Within a few months, other local farmers started discovering gold… kicking off a full-fledged gold rush.

Just over a decade later, South Africa became the largest gold producer in the world… and the city of Johannesburg grew from absolutely nothing to a thriving boomtown.

This area is singlehandedly responsible for 40% of all the gold discovered in human history – some 2 billion ounces (or $2.6 trillion of wealth at today’s gold price).

And while the Witwatersrand Basin is still being mined to this day, it’s not as active as it used to be.

Gold production in Witwatersrand peaked in 1970, when miners pulled a whopping 1,000 metric tons of gold out of the ground.

A few decades later in 2016, the same area produced just 166 tonnes– a decline of 83%.

That’s not unusual in the natural resource business.

Whereas it takes nature hundreds of millions of years to deposit minerals deep in the earth’s crust, human beings only require a few decades to pull most of it out.

This creates the constant need for mining companies to explore for more and more major discoveries.

Problem is– that’s not happening. Mining companies aren’t finding anymore vast deposits.

According to Pierre Lassonde, founder of the gold royalty giant Franco-Nevada and former head of Newmont Mining–

If you look back to the 70s, 80s and 90s, in every one of those decades, the industry found at least one 50+ million-ounce gold deposit, at least ten 30+ million ounce deposits, and countless 5 to 10 million ounce deposits.

…click on the above link to read the rest of the article…

Treasury Department reports $1.2 TRILLION loss in 2017

Treasury Department reports $1.2 TRILLION loss in 2017

Earlier this month, the United States government released its annual financial report for the year 2017.

This is something the government does every year, similar to how large companies like Apple, or Warren Buffett’s Berkshire Hathaway, publish their own annual reports.

Unlike Berkshire and Apple, though, whose financial reports typically show strong, positive results, the US government’s financial statements are a complete horror show.

Right at the beginning of the report, the government explains that it’s “net loss” for the year was an unbelievable $1.2 TRILLION.

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Read that number again.

$1.2 trillion. That’s simply staggering.

It’s larger than the size of the entire Australian economy… and constitutes a loss of more than $2.2 million per minute.

This is not a conspiracy theory or irrational fantasy.

This is the Treasury Secretary of the United States of America publicly announcing that the federal government lost $1.2 trillion on page ‘i’ of its annual financial report.

What’s even more alarming is that 2017 was a great year.

There was no war. No recession. No epic financial crisis.

In his introductory letter, in fact, the Treasury Secretary proudly stated that “[t]he country enjoyed a pick-up in [economic] growth in 2017. Unemployment is at its lowest level since February 2001, consumer and business confidence are at two-decade highs, and inflation is low and stable.”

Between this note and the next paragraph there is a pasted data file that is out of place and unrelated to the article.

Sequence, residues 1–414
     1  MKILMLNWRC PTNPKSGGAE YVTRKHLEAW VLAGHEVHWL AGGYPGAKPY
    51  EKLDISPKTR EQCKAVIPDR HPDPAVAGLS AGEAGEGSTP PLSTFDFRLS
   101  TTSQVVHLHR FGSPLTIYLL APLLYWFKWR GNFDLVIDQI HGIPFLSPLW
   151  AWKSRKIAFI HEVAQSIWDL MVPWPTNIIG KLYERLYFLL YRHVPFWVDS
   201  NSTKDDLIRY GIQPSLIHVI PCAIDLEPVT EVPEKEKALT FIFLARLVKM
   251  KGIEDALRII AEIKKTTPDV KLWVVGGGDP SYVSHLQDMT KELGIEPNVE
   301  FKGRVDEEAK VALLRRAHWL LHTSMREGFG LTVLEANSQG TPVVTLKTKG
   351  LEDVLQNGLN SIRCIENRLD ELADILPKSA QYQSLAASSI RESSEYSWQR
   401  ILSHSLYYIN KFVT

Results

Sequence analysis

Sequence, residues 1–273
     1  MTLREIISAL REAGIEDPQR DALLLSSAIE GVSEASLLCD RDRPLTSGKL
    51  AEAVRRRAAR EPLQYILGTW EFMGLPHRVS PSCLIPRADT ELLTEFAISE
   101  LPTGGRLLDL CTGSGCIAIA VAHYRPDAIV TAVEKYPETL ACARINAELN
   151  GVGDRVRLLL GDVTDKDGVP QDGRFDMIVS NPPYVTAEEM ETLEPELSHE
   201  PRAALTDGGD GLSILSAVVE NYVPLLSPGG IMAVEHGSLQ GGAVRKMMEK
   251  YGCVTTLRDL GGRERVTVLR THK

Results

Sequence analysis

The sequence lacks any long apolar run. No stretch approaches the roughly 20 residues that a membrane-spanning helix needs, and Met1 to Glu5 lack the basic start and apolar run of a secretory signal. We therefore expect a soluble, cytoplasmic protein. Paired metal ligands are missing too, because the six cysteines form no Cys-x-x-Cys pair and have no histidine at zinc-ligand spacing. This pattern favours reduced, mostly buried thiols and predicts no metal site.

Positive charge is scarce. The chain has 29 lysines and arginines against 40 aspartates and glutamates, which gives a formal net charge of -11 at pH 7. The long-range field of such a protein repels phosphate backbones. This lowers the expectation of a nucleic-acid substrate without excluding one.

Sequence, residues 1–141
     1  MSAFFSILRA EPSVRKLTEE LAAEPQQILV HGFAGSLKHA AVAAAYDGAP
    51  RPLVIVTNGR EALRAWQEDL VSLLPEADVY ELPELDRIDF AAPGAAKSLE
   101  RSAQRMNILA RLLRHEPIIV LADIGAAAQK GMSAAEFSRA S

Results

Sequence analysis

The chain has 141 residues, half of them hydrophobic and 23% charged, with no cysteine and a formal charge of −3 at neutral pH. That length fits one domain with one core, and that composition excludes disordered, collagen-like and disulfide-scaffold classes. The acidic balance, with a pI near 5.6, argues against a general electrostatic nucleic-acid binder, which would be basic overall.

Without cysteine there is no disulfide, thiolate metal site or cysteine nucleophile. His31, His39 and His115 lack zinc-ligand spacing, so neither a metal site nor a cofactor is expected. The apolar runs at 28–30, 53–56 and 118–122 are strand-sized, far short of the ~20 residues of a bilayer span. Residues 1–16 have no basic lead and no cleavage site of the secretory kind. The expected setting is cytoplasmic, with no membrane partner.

In short, everything was awesome in 2017.

Even the government’s overall revenue was a record high $3.3 trillion for the year.

Yet despite all that good news… despite all those positive developments and record revenue… they STILL managed to lose $1.2 trillion.

 

…click on the above link to read the rest of the article…

Why the most-recent selloff was just the beginning

Why the most-recent selloff was just the beginning

On October 19, 1987, the Dow experienced its biggest one-day percentage loss in history – plunging 22.6%.

The day will forever be known as “Black Monday.” The selloff was so fast and so severe, nothing else even comes close.

The second worst percentage loss for the Dow was October 28, 1929 (also Black Monday) when the exchange fell 12.82%. It fell another 11.73% the next day (you guessed it… “Black Tuesday”). Then the Great Depression hit.

A lot of people blame portfolio insurance for the severity of the market drop in 1987.

At the time, portfolio insurance had become a super popular product for the largest institutional investors. Portfolio insurance would “hedge” their portfolios by selling short S&P 500 futures (which profit when the market falls) when stocks fall by a certain amount. The idea was the gains from selling the S&P futures would offset the losses from the falling prices of the underlying portfolio.

If stocks fell more, the big investors would sell more futures.

The problem with portfolio insurance is it was programmatic. And when the losses inevitably came, it created a feedback loop. Selling begot selling.

But what initially ignited that selling back in 1987?

Matt Maley is a former Salomon Brothers executive who was on the trading floor for Black Monday. He shared his thoughts with CNBC last year to mark the 30th anniversary of the event.